that neither train actually stopped! 12.8km from Aigle the line from Les Diablerets trails in from the
right, and the deep ravine is crossed on a tall bridge in the carriageway of a road. A kilometre
further on is Le Sépey station, where trains must reverse; six or seven minutes was allowed for this.
The terminus at Les Diablerets.
After crossing back over the river, the line continues to climb to a summit at Sur-le-Buis, 1,131
metres above sea level (Aigle station is 404m a.s.l.), but the next section of the line goes up and
down a few times with the highest station (Le Bovets) shown as at 1,157m a.s.l. and the terminus at
1,155m a.s.l. Another train was crossed at Les Aviolats, and the line crosses to the north side of the
river east of Vers-l’Eglise. Les Diablerets is a small ski resort, and was therefore fairly quiet. There
are some impressive mountains and cliff faces a few miles to the east, including a waterfall. The
station has one platform and a small two-road shed. A single journey takes 52 minutes (up) or 55
minutes (down), and there was about 40 minutes at Les Diablerets before the train returned. Three
trains are needed to operate the hourly service.
Back at Aigle, the train on TPC Line A to Leysin was formed of type BDeh4/4 (motor car) 312 and type
Bt (driving trailer) 362 and 361, all dating from 1987 and marked for use only on the AL line. Trains
to Leysin run northwards out of the station, and immediately turn right across the station square to
head east, initially along Rue de la Gare. The road used by the AL is narrower than that used by the
ASD, and at least part of it is one-way with cars parked along one side – and the train was heading in
the opposite direction to the direction of the moving road traffic, resulting in cars having to reverse
out of the way! After the AL’s Place-du-Marché halt, just 50 metres or so from the ASD halt of the
same name, the road widens; a little further on, the line (and road) turn sharp left to cross the river,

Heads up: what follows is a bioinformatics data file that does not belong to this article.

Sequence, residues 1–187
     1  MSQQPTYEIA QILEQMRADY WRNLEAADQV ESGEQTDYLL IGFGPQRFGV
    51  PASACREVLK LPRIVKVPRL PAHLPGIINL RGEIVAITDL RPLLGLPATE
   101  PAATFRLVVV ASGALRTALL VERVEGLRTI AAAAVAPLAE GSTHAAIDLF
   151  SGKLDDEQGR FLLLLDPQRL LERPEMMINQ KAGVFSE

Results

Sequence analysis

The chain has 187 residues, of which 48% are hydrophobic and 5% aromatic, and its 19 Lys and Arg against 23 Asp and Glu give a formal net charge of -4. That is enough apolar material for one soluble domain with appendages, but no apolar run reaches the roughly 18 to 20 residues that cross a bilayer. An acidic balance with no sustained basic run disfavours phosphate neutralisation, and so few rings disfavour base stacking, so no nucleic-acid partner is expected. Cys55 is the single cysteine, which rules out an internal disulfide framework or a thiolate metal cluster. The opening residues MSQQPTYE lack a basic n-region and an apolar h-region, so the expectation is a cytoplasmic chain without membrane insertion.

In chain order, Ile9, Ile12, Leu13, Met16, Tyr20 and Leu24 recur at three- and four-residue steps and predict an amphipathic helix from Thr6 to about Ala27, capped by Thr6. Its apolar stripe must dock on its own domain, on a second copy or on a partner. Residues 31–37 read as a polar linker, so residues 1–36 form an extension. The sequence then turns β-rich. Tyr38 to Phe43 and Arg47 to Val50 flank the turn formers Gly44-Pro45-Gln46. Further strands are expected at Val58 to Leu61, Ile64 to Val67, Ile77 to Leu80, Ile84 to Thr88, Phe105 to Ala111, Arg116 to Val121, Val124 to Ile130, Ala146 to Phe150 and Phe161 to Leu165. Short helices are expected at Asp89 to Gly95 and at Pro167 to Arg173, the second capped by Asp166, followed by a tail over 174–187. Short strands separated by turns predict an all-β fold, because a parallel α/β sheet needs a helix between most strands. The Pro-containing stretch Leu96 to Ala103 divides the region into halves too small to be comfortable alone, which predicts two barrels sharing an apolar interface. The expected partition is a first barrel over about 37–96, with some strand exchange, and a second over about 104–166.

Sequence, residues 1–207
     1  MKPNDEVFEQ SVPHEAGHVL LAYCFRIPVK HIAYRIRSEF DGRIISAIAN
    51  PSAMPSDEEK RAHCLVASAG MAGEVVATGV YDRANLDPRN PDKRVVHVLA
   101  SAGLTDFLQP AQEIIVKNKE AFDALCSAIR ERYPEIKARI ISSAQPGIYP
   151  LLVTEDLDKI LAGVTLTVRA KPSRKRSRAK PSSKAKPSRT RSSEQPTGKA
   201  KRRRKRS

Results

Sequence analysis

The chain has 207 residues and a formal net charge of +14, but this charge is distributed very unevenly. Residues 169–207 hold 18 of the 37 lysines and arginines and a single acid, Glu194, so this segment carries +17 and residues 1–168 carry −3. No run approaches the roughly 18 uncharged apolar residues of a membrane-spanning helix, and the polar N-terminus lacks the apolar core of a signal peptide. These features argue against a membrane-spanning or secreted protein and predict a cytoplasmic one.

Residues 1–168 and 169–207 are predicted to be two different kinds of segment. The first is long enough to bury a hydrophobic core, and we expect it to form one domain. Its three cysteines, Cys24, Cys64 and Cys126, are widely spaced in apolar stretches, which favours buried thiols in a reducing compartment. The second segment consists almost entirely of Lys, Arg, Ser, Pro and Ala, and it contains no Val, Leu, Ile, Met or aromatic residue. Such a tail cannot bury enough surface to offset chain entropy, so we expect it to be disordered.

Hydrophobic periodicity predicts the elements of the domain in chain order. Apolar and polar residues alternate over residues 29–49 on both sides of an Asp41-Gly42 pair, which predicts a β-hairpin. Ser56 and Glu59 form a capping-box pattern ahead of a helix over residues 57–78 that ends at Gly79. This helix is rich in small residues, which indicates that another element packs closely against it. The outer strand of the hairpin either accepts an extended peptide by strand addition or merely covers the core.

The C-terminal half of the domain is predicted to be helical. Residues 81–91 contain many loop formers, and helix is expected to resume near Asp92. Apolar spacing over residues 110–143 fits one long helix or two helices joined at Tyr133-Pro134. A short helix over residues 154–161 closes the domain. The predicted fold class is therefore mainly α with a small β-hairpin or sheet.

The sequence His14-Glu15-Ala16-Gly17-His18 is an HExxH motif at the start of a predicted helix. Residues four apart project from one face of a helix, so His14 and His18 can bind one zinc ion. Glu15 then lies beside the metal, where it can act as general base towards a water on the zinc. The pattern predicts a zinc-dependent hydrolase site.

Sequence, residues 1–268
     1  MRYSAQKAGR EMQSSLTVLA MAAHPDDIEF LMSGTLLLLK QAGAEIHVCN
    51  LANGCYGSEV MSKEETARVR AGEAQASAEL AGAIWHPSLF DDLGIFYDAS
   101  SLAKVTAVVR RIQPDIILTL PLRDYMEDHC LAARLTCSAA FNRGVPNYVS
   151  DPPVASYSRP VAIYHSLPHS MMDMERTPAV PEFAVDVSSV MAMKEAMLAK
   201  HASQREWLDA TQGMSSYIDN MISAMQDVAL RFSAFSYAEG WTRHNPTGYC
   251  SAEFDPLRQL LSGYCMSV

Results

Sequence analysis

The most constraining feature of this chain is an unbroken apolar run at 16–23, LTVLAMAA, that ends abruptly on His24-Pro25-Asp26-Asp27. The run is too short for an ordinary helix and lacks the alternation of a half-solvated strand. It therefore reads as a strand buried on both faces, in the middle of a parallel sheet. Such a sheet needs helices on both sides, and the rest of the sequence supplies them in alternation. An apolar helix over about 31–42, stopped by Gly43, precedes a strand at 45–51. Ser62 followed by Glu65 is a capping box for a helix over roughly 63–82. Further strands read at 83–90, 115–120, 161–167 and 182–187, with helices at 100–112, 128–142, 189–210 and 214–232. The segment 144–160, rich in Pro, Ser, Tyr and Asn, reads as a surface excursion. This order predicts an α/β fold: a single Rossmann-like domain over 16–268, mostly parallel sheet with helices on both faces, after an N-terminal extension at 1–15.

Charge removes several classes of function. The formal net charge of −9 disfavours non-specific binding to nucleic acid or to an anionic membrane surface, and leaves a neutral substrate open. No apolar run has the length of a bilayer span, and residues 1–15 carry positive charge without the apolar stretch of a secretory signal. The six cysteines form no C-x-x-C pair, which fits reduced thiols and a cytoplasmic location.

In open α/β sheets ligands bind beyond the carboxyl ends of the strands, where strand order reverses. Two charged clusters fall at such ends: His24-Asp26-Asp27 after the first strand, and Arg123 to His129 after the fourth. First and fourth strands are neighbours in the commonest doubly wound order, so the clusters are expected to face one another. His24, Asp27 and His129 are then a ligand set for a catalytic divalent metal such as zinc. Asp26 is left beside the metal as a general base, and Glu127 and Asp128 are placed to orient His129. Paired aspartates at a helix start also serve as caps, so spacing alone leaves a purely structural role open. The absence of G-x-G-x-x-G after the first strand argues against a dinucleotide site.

and, after a total of 1km of street running, the railway curves further to the left to enter the AL
depot. The train reverses here, putting the motor car on the downward end of the train, and then,
after passing the AL Depot passenger platform, the Abt rack is engaged for the climb to Leysin. The
line climbs about 1,000 metres in about 5 kilometres, initially on the north side of the valley of the
Grande Eau (with clear views of the route of the ASD). An hourly service on the line requires two
trains, and the other train – today formed of a motor car and just one trailer, but both still wearing
the old AL brown and cream livery – was crossed at Rennaz.
Cars 302 and 351 still carry the old AL livery; they are pictured departing from Aigle bound for Leysin. The station building is off to the left,
and the photographer is stood in the rear doorway of the train to Les Diablerets, which was about to set off in the opposite direction.
There are four stations in Leysin, over a 1km distance with the railway climbing 183m. Leysin-
Village is at the start of a double-track section, and between Leysin-Village and Versmont about half
the line is on a steeply-graded viaduct that dominates views of the village from further away.
Versmont station is above the streets below and still on a steep gradient, with extensions to the
original platform being stepped, such is the gradient. The main station is Leysin-Feyday (1,398 m
a.s.l), and the railway immediately plunges into a 233-metre-long tunnel and the track singles. The
line turns through almost 180 degrees before emerging at Leysin-Grand Hotel station, which is the
terminus. The Grand Hotel, situated on the hillside just below the station, was a tuberculosis
sanatorium, and there is a level entrance from outside the station into the back of the hotel a few
storeys up. Since the 1960s, the hotel has been the American College of Switzerland. There are plans
to close this last section of line, and reroute it to a new more-useful terminus.
The terminus and end of line at Leysin Grand Hotel. The platform is partly in tunnel and partly in the open. The hotel is off to the right.
The third line travelled was TPC Line C, the former AOMC route, but only the non-rack section
between Aigle and Monthey-Ville, which runs along the wide Rhône Valley. This line has undergone
some changes in the last few years, including the introduction of new rolling stock in 2016 when the
OHL voltage was increased (the newer of the old stock was converted to the new voltage). The new
trains are Stadler GTW2/6 articulated units (three bogies), with two passenger sections and a “pod”
between for the electrical equipment; their lettering indicates they can be used on all three lines
from Aigle. The Schweers + Wall Eisenbahnatlas Schweiz shows the original AOMC route heading
east for a short distance before turning right to cross the ASD line on the flat, with both lines
running down the street (BLNI R.2433 reported that there was a short break in the AOMC’s wires,
since they used different voltages), and visible on Google Satellite View is a curved property